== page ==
A few weeks ago, I was berating one of my favorite people, Adi, for allowing work to monopolize his life. He is brilliant, so working ever so slightly less will not ruin his career, and I firmly believe that if you ignore the social realm too long, it may not be around when you are ready to build a life for yourself. Adi brought up a fair defense: People in glass houses should not throw stones. We lived in Boston at the same time for almost two years, and we barely saw each other, in good part because I was usually at the office or with work-related people.
The problem is that we, along with a good percentage of doctors, lawyers, investment bankers, and other Type-A professionals, were brought up to throw ourselves into our educations and careers. This is not an inherently bad approach. Doing well in school opens doors and working hard during graduate school and the early years of a career can have a dramatic influence on one's long-term career trajectory. The ambiguous desire to be "successful" drives us to prioritize career over most things until one day we find ourselves pondering when, precisely, our careers are secure enough to allow for life to sneak back in.
At some point, having a world outside of the office is not leaving chips on the table, merely allocating them to other worthwhile life goals. Unfortunately, this is not looked upon fondly by firms or investments banks. One is expected to be available when the work needs to be done, which is the client's or market's schedule. People who want to succeed put themselves at the beck and call of their employers and are rewarded for doing so. These promotions and bonuses exacerbate the need to be the best, muddying the waters as to when it is possible to take a step back and still maintain a successful career.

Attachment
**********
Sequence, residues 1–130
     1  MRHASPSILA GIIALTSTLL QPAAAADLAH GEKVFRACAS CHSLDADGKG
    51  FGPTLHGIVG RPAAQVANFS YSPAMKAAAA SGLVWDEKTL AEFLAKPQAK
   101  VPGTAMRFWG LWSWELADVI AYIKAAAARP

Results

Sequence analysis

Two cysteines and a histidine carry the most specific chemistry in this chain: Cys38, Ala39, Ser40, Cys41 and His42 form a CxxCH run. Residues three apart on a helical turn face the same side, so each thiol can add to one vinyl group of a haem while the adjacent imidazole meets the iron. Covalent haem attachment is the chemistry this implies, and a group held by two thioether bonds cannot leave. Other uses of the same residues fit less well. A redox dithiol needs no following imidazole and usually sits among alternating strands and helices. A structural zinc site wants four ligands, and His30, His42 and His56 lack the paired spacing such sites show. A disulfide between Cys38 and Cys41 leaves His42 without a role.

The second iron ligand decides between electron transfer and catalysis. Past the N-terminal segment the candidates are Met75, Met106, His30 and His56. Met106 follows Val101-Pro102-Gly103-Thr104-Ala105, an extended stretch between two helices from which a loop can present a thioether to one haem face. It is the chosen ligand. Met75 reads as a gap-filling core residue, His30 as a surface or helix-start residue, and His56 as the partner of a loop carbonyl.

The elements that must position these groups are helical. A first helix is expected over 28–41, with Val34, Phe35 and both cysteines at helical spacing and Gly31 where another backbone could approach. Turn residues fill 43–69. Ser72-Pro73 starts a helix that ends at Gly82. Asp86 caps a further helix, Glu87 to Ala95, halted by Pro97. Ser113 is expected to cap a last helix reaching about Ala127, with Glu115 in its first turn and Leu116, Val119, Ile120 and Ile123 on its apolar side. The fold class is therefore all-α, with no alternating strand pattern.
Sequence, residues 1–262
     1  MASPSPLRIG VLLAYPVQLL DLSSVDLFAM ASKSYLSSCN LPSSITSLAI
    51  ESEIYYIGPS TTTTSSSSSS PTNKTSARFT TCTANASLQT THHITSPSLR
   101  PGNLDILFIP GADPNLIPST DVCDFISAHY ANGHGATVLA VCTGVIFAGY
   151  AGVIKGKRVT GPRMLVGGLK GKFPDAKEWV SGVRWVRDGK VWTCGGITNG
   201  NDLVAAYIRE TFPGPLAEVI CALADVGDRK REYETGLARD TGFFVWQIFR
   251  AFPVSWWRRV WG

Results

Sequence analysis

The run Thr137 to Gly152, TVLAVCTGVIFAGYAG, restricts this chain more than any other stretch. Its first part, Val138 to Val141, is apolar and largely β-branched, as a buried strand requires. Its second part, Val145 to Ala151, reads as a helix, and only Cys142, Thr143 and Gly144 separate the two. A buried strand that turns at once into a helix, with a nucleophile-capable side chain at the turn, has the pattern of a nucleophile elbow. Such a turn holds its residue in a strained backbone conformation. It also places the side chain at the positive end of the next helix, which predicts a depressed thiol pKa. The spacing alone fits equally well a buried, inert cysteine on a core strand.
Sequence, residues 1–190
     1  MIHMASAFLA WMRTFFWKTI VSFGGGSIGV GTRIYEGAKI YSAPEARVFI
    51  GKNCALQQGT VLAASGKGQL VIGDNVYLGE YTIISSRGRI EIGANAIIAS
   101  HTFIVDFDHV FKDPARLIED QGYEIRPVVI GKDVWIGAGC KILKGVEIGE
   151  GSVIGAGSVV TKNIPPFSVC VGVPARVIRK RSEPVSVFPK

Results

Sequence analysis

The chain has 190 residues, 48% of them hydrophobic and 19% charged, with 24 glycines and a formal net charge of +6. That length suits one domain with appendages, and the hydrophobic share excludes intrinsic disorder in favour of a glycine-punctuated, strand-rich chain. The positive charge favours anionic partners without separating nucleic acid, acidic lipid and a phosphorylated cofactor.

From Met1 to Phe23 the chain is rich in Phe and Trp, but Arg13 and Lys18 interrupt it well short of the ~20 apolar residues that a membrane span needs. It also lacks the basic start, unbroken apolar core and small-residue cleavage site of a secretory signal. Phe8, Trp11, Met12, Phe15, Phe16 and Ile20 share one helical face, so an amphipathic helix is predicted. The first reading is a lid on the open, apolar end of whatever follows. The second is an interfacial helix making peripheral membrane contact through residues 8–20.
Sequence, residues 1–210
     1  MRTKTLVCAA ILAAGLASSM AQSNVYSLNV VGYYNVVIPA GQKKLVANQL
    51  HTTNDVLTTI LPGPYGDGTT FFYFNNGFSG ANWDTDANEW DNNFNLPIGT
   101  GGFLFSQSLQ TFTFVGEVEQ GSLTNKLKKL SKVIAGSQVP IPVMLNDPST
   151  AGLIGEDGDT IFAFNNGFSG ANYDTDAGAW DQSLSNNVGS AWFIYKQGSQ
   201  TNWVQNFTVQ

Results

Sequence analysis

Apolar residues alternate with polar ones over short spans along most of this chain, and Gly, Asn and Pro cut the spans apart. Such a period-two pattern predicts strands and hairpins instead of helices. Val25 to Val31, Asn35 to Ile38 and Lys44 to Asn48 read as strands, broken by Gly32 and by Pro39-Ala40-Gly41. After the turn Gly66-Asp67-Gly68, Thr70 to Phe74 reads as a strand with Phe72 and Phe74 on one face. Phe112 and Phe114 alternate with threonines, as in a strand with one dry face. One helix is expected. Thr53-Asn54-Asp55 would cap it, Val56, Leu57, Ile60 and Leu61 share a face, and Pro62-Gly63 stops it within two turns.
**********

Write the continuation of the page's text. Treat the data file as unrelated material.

In addition, career can become a crutch. Leaving aside, for the moment, complicated issues such as whether it is socially accepted for women to choose career over family, it is difficult for parents, friends, or colleagues to criticize us for wanting to do well at our jobs. As a result, if we are not ready to buy a house, get married, have children, or even pick a single city to live in for the next several years, there is a built-in excuse. For some, that excuse becomes permanent.
Then, one day, when we are telling ourselves that we will get around to our personal lives after this deal closes, or once we have made partner, or when the economy is more stable, the decision is made for us. We get laid-off.
For many of us, the day we lose our jobs is the first day that we slow down -- ever. I cannot adequately express how terrifying that is. Imagine that you are in your 26th floor office and the rug, floor, building, and city are pulled out from beneath you. I certainly was not prepared to stop, so I filled the gap as long as I could by searching for a job at a frenetic pace, but that is not sustainable. Eventually, life stalls.
It feels like time has stopped and you are not entirely sure how to start it again.
Yet, it does start again. The forced reevaluation process tends to result in the sudden establishment of a robust life outside of designated career-related activities. All of those friends who have fallen to the wayside? Time to schedule a visit. Canceling dates at the last minute? Thing of the past. Forgot to call Mom for the last two years? Pick up the phone, she misses you.
The interesting question is whether this newfound respect for activities outside of the work sphere will remain once we are able to return to an office. It is possible that the fear of returning to an unemployed state will result in some of us throwing ourselves even more obsessively into our work. However, I suspect that, for most of us, a somewhat healthier balance will persist. This is in part because the jobs currently available tend to be in government agencies and companies, instead of firms, which have always boasted friendlier hours (and smaller paychecks). More than that, though, is that once you establish an adult life, it is extremely difficult to walk away from it. I am genuinely unsure whether it is necessary to forsake all others to succeed in a firm or investment bank, but I think that this generation of young attorneys and bankers, so many of whom have been laid-off, are going to find out.